‘Spillage’ (2019)

Laura Gascoigne in the Spectator describes Elliot Walker’s ‘SPILLAGE’ (2019), which I saw exhibted last week, as ‘a sleekly modernist bottle and accompanying pool of red wine, hot-sculpted and cold-carved’. Here we have a half-filled wine bottle, an upset tumbler (wine, in a tumbler?) and a puddle. Although the piece I very much like, I detest spillages; they bespeak waste and loss. The wise woman of Tekoa admonishes King David:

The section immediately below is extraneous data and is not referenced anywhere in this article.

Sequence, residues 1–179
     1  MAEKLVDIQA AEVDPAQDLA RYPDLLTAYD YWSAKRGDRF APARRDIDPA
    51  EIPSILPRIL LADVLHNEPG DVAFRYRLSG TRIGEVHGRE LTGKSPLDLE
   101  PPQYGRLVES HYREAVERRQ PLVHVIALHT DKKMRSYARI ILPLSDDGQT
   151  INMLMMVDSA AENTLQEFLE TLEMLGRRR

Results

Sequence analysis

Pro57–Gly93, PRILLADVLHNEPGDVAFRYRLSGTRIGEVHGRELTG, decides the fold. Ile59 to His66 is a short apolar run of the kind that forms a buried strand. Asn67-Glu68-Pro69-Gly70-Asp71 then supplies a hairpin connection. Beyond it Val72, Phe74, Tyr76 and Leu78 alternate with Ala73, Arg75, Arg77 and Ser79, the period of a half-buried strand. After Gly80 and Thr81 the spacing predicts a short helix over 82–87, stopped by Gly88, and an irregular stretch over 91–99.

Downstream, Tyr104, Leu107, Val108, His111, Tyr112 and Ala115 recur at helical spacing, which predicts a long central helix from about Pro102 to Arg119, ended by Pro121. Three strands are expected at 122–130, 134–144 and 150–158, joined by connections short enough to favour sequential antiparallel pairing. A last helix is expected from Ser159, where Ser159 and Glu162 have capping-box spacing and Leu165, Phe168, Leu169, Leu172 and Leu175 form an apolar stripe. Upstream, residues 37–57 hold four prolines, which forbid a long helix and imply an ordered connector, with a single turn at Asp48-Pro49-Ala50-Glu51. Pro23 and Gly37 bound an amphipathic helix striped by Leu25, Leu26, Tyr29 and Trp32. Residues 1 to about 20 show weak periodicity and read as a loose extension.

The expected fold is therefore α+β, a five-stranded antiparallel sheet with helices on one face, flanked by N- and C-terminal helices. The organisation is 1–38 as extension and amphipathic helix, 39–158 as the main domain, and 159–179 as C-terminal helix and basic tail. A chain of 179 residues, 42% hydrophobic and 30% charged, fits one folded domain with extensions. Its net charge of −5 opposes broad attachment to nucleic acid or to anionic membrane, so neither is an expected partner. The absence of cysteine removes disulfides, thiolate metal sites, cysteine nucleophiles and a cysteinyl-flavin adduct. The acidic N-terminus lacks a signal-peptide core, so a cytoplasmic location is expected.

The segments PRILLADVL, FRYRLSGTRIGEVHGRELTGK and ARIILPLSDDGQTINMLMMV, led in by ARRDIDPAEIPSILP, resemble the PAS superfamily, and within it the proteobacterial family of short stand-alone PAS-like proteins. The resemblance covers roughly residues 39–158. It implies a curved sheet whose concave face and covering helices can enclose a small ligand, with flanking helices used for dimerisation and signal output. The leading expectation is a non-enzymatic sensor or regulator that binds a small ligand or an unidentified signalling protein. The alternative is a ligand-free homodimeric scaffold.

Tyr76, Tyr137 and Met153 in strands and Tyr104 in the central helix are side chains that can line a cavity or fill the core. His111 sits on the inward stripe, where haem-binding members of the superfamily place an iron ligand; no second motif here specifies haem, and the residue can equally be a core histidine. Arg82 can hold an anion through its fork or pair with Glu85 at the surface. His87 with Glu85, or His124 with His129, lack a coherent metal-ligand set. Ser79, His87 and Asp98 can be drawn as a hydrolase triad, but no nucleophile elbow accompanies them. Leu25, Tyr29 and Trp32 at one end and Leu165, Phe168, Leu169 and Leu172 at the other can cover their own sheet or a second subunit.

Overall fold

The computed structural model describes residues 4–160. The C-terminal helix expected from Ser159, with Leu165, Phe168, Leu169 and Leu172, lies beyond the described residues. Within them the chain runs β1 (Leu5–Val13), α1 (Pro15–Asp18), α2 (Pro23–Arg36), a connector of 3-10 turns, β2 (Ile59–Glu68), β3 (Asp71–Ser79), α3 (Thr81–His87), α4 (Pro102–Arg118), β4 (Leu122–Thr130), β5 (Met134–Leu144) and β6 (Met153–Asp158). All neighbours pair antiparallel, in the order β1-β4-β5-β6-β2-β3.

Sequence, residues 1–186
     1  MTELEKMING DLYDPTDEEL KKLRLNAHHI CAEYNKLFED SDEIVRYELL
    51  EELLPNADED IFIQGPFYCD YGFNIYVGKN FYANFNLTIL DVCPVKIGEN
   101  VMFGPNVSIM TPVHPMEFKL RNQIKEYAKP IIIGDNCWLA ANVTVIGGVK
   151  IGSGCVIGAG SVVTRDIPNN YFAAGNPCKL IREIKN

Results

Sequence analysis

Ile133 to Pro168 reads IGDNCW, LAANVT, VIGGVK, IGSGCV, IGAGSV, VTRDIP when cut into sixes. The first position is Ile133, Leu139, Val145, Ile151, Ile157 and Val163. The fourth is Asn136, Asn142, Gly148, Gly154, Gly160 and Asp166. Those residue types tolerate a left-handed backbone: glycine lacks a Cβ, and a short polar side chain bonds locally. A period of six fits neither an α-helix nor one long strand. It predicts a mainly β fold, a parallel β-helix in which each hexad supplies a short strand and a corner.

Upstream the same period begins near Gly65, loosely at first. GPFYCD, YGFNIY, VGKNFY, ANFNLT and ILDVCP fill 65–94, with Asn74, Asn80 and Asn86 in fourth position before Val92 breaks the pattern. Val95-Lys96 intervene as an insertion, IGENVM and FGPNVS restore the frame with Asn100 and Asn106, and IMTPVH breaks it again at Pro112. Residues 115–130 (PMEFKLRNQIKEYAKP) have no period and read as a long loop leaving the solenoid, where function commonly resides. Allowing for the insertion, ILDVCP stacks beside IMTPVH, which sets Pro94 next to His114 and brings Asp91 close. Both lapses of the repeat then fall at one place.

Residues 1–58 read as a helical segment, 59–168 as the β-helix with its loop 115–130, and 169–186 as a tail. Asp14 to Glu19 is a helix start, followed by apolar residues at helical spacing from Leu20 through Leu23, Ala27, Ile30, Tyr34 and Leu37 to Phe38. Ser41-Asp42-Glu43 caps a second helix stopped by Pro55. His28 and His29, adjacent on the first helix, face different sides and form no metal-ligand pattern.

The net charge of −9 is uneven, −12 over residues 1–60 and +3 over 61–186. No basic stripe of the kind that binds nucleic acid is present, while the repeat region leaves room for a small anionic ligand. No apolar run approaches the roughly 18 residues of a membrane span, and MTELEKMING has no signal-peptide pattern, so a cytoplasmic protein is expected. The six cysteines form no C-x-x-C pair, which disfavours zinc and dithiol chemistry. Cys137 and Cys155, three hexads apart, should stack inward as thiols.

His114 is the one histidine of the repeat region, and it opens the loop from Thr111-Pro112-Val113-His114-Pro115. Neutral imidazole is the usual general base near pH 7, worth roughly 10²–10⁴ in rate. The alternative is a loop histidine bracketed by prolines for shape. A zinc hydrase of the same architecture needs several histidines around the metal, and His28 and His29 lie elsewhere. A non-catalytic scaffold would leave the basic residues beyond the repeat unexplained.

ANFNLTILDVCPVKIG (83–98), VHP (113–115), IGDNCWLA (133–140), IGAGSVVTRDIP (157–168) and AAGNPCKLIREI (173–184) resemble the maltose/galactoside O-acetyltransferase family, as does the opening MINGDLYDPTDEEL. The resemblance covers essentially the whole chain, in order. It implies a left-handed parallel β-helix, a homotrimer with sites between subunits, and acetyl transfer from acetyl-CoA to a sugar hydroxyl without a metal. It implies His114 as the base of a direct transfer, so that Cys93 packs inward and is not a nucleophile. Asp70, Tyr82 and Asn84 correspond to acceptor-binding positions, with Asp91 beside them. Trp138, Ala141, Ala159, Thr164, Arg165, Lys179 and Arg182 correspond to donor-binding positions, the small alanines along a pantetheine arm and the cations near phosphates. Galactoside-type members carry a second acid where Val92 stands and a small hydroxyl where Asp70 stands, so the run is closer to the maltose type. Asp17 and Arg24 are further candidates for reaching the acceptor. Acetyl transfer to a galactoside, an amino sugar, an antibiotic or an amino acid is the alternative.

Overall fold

“For we will surely die and become like water spilled on the ground, which cannot be gathered up again.” 1 Samuel 14:14

Here, she tells us, death is like spillage: a waste, a loss, possibly staining and leaving behind a residue of grief and pain. That seems like a good description of death. The gospel, thank God, recovers the irrecoverable and fixes the unfixable. Christ gathers in His dying and decaying people so that they will live again- unbroken, unstained and unspoiled.